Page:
What’s not to love about a man with a log pile? To be honest, after several months sawing logs almost daily I’m definitely more into the logs than the (admittedly lovely) model. As someone else did all the hard work sawing them…
Snaky cables were not really a Big Thing along the rivers – although I have seen them in photos of ganseys from elsewhere. Here, cables were generally rather straightforward 6 or 8 stitches wide, all oriented one way and never mirrored across the body. They probably were not mirrored for superstitious reasons I go into in the book, if you’re interested!
My other patterns were named after river vessels but I couldn’t resist calling this one Whitby Wyrms. Because Whitby is famous for its wyrm (dragon).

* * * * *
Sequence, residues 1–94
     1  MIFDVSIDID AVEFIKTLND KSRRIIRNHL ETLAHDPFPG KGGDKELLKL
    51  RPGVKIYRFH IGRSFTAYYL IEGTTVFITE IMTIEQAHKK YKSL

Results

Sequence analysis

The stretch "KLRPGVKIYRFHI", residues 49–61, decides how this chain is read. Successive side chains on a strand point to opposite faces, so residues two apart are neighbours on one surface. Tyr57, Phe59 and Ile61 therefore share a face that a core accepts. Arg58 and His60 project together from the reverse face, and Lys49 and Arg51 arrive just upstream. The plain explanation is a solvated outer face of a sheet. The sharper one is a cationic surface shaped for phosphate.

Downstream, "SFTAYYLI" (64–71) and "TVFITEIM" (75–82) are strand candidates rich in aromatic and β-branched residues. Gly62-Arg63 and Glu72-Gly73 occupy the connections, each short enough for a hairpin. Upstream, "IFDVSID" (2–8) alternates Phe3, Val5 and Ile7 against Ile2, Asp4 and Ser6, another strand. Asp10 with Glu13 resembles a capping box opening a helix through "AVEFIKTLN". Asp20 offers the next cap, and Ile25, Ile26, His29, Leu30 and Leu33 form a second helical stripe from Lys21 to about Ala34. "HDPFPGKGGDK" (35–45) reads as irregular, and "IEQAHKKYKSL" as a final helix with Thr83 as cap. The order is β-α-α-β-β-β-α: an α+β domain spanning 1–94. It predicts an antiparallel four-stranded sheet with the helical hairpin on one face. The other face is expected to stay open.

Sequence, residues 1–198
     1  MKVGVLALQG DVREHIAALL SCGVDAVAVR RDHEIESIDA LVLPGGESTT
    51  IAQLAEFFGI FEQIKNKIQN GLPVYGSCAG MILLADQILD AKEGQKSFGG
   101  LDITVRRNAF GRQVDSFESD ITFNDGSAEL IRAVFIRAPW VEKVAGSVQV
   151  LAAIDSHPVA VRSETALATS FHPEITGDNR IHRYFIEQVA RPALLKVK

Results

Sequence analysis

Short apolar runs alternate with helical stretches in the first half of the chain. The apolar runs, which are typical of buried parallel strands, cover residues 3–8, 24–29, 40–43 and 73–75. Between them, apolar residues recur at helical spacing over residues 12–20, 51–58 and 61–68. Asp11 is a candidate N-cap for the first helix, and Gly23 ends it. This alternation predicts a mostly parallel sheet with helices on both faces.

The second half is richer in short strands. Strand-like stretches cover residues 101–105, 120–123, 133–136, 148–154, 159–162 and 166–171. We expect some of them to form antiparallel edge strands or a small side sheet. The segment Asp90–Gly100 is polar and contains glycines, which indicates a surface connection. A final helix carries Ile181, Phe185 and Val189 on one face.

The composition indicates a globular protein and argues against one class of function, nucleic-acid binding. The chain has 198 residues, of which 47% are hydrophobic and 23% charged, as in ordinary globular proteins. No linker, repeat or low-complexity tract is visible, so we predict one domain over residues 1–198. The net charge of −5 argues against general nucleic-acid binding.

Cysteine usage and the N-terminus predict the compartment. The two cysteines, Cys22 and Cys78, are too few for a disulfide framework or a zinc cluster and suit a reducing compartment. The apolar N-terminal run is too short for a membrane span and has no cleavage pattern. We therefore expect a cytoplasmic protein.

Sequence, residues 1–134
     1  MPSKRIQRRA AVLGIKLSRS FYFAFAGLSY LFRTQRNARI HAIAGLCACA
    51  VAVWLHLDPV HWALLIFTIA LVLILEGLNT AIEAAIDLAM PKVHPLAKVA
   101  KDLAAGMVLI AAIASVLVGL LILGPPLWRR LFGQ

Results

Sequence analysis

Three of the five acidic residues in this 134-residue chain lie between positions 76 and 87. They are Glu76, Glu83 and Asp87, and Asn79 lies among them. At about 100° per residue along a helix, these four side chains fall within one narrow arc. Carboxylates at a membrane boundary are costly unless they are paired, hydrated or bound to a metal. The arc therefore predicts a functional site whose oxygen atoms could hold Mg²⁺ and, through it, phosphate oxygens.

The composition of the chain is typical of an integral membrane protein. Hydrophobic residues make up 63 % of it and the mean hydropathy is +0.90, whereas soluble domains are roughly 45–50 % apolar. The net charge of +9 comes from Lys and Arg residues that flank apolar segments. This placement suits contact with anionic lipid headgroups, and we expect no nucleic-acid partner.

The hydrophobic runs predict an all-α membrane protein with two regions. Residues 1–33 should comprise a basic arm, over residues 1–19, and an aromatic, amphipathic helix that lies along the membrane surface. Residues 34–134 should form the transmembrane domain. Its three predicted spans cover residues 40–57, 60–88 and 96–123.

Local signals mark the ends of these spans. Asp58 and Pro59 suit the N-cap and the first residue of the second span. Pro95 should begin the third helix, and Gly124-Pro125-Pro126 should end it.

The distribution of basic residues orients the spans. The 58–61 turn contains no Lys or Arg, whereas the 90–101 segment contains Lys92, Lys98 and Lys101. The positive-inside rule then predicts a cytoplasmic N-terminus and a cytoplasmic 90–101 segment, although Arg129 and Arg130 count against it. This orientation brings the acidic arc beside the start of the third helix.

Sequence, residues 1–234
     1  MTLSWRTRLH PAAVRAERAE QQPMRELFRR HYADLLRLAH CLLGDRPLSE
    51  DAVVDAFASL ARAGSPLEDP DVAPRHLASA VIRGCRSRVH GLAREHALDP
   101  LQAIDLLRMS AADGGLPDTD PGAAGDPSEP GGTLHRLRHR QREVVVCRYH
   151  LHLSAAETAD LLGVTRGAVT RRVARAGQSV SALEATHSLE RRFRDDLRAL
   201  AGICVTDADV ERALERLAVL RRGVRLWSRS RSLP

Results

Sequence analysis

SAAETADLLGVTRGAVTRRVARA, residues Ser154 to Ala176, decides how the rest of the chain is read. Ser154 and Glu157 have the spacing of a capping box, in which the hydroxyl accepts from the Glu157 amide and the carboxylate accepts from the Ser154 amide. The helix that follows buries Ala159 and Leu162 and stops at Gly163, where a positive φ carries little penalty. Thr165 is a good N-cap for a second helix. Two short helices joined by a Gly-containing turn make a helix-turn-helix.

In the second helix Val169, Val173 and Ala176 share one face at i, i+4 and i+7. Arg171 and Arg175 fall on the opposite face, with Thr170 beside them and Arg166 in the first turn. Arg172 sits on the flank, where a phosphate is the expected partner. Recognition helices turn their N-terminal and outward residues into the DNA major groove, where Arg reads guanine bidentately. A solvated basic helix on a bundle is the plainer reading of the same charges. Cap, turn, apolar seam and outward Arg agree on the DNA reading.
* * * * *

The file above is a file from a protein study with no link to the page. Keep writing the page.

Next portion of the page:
The Whitby Wyrm was a dragonlike serpent that lived in Whitby, according to folklore. Another local legend tells of Saint Hilda turning a plague of snakes into stone. For this gansey, I did the time-honoured gansey thing and “borrowed” a nice zigzag motif from a sock pattern. Gansey knitters have always borrowed motifs from other knitters. It’s tradition. In fact, it is how motifs became so universal across the British Isles. My other inspiration and starting point was an old photo I was shown, which showed a gansey with an allover pattern that used traveling stitches to create a zigzag design.
This zigzag is simpler but more contemporary – it makes a change from the old pattern Marriage Lines.
That is in the grand tradition of gansey knitting of course – see a pattern that resonates: use it.
The pattern can be found in ‘River Ganseys’, available here: